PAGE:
At home, you'll have to use that same technique of self-confidence to remind yourself that the unreasonable expectations are not coming from you: they are external. The person who is never happy with what you've accomplished and seems to constantly change what they're expecting of you is chipping away at your confidence. So, self-care, in the form of validating your own success and self-acknowledgement of what you have accomplished is going to be important. In other words, take comfort from your own accomplishments and do not rely on this toxic person for affirmation of your goals.
- Turning yourself into rubber. When I was a kid, I was told that "names will never hurt me." Well, most of us know that it's not true. Names can hurt terribly. But, one of the things to keep in mind when someone starts calling you names during an argument is that it means that they are losing the argument and they are now resorting to the behaviour of the playground. As much as it stings to be called vile names, this is one of those situations where it is best not to escalate the situation by calling names back. It is best at that point to walk away from such an argument -- whether it's in person or on social media. At that point, turn yourself into rubber and try to allow the comments to bounce off of you.
When I taught college courses, one of the rules in my classroom was that I would not tolerate ad hominem attacks. As I explained to students, if your disagreement with someone's argument leads you to attack the person making the argument, you have lost and now you are seeking to hurt the other person. That type of behavior is intolerable. So why would you stay and put up with it should you find yourself in that kind of situation yourself? It is okay to say to the person, "This is intolerable. You are now name-calling. You have hurt my feelings. I am walking away from this conversation." Again: in dealing with these types of personalities, hearing the sound of their own voices is part of their power. If they're speaking in an empty room, they can lose interest.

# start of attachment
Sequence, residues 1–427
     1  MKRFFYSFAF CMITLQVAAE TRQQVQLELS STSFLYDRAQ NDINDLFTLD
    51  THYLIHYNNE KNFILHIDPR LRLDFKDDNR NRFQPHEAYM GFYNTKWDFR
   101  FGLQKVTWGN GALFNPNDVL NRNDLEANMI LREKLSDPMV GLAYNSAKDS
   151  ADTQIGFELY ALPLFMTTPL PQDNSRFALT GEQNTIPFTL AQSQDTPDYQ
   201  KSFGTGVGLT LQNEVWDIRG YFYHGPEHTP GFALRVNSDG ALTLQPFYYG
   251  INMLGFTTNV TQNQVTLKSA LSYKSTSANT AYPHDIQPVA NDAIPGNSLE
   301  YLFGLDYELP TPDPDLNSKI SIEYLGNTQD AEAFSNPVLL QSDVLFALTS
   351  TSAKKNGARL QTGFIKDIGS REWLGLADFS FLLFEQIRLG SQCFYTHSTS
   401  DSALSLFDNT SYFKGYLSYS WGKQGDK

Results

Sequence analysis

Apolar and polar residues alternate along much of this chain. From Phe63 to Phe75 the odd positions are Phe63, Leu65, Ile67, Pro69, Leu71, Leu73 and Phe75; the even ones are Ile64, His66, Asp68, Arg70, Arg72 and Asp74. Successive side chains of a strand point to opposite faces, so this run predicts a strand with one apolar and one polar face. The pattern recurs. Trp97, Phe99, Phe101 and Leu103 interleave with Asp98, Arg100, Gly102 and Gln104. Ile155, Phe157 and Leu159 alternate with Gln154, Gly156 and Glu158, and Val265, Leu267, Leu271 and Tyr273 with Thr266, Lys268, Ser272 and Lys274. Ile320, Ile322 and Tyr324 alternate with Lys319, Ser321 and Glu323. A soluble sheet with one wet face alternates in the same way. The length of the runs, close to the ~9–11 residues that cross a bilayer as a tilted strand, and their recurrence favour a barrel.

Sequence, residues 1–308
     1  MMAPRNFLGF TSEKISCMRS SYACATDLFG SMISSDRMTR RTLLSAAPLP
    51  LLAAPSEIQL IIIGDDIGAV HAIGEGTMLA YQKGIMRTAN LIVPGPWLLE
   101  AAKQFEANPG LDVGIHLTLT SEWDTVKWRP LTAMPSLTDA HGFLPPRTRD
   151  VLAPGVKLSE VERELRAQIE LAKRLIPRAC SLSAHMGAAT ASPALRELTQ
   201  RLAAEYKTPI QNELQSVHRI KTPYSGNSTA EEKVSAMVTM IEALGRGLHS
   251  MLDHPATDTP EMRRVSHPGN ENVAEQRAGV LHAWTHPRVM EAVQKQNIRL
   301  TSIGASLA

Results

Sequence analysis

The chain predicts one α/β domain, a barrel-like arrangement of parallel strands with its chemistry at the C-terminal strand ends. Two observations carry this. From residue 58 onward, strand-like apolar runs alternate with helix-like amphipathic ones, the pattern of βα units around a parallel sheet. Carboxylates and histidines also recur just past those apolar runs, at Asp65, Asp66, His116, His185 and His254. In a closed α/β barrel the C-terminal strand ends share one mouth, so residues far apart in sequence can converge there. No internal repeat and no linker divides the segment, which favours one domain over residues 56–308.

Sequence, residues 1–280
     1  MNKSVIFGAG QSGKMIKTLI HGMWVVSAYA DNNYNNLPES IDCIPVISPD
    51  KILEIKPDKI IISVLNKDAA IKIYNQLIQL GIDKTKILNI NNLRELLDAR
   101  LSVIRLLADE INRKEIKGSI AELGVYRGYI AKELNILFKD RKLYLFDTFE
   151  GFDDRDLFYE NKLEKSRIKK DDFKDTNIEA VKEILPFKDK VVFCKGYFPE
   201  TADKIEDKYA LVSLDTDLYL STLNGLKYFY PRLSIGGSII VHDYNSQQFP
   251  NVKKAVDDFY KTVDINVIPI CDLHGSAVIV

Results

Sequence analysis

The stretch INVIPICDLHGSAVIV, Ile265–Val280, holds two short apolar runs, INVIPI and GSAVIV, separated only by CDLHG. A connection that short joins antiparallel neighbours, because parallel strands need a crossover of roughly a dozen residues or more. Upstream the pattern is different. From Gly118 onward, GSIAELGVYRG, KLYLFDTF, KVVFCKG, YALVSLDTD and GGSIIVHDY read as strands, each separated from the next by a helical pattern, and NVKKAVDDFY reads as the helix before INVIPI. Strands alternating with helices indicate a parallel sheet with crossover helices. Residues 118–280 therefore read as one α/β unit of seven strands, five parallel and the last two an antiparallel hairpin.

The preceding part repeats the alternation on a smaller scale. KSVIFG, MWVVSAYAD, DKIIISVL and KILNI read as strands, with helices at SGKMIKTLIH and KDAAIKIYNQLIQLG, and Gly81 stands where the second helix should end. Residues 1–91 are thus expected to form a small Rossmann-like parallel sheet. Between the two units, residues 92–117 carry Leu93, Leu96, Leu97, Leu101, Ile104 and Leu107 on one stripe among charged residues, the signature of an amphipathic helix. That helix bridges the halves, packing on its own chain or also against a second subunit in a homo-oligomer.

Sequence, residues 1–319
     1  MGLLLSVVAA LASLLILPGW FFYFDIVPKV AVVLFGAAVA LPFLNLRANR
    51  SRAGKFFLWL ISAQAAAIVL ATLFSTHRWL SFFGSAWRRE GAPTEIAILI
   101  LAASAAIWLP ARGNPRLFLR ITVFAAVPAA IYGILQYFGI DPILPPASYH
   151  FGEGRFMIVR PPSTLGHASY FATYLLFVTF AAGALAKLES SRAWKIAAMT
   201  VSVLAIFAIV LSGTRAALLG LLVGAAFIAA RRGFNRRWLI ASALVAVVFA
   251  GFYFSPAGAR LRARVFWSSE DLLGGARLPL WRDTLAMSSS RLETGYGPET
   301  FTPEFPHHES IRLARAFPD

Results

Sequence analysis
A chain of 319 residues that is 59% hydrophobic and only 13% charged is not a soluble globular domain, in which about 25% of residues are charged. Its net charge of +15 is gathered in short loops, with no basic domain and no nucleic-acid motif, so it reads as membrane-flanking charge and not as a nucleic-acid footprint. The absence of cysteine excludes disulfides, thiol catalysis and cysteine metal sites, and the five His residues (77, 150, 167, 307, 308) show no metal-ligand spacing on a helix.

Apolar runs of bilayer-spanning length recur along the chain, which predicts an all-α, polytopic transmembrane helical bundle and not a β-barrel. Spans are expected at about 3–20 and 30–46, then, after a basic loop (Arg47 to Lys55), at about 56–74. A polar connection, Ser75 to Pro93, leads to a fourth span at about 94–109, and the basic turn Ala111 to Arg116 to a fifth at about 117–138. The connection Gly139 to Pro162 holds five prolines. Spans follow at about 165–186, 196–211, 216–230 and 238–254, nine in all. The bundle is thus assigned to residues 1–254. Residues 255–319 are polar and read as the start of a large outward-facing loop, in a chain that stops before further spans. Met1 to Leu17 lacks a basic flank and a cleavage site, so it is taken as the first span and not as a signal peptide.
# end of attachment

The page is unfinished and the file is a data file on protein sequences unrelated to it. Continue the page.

And if that name calling turns into threats. Leave. Immediately. If the threats are violent in nature, report them to the police. You do not have to put up with having your physical safety threatened because you are dealing with someone who cannot stand losing an argument.
- Taking care of yourself. The best way for dealing with toxic people is to care for yourself. If you are loving toward yourself and know your own worth, then others' attempts to make you feel like shit will fail. They may wound you -- none of us are impervious to the "slings and arrows" of those who want to hurt us -- but if we have methods for reminding ourselves that we are individuals who are worthy of respect and love, those daily insults to our persons will have less impact.
Shahida Arabi has some fantastic suggestions for self-care. While some of us hear "self-care" and immediately think of Stuart Smalley speaking to himself in a mirror, Arabi's definitions of self-care are much more holistic. They include pursuing our passions, participating in activities that give back to the communities we live in, and reminding ourselves in myriad ways that just as we observe compassion toward others, we need to do that with ourselves.
When faced with the assholes of the world, the answer is not to turn their anger inward toward ourselves, it is to increase our compassion for ourselves, strengthen our sense of self-worth, so that we may walk away from our abusers and continue to do good out in a world that needs all the love and help that we can give to it.